Why Can’t Water Be Lifted Higher Than 10.3 Metres?

Did You Know: Water Can't Be Lifted More Than 10.336 Metres.

Understanding Water Pump Limitations - The Science Behind the 10-Metre Barrier

Did you ever make a really long straw as a kid? heh, me neither...

But, in case you wanted to know why a really long straw doesn't work, here's why:


Water pumps play a crucial role in various industries, from supplying the water to people's homes, to facilitating complex industrial processes. However, have you ever wondered why there seems to be a limit to how high a pump can lift water - specifically 10.336 metres (or ~33ft )?
If you have (or even if you haven't!) then read on as we explore the science behind this phenomenon, and the factors that restrict a pump's ability to lift water beyond this limit.

The 10.336 Metre Dilemma: Why Does it Occur?

Before we begin, I want to clarify that the title may have been mildly misleading, and the wording I used was very intentional. Water is capable of traveling above a height of 10.3 metres when propelled by positive force. However, it cannot be lifted beyond this 10.3 metre or 33 foot limit by suction or negative force.

The 10.336-metre limit stems from the fundamental principles of physics, particularly atmospheric pressure and the behavior of fluids under pressure.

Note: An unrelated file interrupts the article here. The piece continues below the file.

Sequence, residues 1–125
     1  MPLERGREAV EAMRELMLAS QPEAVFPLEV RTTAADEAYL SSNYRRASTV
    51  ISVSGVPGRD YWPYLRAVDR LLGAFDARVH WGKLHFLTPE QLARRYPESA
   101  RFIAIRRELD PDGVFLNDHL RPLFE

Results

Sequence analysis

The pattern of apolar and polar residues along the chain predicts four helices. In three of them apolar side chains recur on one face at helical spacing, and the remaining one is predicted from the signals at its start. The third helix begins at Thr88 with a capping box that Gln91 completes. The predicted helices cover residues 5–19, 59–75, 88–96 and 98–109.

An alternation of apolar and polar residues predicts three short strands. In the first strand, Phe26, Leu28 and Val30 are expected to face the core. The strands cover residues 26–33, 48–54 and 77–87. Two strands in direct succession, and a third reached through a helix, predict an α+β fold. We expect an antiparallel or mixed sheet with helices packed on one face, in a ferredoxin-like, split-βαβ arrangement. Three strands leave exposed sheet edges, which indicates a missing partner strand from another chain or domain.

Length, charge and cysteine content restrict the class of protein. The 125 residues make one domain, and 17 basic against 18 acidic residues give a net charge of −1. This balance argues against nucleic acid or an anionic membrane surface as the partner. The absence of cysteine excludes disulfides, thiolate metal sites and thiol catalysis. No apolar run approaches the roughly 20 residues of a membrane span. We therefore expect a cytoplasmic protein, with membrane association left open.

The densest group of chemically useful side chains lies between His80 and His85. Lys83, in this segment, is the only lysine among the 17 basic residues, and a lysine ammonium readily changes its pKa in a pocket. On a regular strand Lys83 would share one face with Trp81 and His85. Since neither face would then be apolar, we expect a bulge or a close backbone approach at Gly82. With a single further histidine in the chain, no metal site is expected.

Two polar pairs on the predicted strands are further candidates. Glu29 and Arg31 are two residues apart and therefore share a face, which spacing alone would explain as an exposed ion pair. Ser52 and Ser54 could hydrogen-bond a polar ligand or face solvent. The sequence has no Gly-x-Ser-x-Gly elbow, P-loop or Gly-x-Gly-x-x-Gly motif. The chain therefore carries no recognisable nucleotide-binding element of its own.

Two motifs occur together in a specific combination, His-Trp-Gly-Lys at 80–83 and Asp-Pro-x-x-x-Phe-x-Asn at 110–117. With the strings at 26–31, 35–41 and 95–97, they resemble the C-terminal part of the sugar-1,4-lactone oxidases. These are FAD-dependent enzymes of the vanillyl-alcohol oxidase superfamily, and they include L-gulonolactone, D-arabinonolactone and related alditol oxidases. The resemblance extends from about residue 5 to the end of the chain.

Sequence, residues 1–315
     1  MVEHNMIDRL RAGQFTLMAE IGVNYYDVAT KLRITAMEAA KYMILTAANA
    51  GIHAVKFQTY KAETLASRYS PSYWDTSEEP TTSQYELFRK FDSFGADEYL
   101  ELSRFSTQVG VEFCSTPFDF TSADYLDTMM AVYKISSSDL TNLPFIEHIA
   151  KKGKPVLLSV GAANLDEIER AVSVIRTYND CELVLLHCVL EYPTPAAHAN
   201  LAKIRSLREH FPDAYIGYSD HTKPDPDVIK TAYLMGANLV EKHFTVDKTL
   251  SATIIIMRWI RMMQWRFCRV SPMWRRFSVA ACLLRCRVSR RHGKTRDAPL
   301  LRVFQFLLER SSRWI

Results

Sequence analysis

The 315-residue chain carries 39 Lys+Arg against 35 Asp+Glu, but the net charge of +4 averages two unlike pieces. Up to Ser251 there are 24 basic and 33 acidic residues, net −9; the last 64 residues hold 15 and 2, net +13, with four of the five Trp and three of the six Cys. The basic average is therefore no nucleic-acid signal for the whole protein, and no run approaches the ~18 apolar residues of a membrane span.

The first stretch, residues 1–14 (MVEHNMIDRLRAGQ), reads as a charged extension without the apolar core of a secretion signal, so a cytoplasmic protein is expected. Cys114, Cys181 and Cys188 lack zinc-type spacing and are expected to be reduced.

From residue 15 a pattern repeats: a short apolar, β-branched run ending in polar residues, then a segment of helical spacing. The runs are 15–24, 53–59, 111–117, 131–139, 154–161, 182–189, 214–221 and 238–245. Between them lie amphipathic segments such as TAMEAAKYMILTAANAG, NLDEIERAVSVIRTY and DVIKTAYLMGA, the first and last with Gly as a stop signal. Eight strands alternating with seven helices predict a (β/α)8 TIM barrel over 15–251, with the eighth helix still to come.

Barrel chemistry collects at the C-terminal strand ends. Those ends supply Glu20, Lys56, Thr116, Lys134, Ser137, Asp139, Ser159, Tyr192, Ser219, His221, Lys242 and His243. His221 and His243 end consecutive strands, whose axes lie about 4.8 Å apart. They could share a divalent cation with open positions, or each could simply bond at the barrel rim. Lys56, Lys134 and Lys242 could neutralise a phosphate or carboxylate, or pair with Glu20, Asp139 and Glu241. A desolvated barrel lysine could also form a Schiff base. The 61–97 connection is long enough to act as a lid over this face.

If you can imagine a column of water that extends vertically to a height of 10.336 metres (just a bit taller than the average two storey house), this column of water is equivalent to the pressure exerted by one atmosphere (atm) - that is to say standard air pressure (around 14.7psi). Even if you were to somehow create a perfect vacuum above the water, it would still be impossible to lift the water any futher than this point using any kind of suction pump.

To put it in more simple terms, the weight of the water column when it reaches 10.336 metres creates a pressure that counteracts the pump's suction force and makes it useless. This is why modern wells often place the pump at the bottom, pushing water upward using positive pressure instead of relying on suction at the top - in comparison to the old hand pump wells, which try to suck the water up.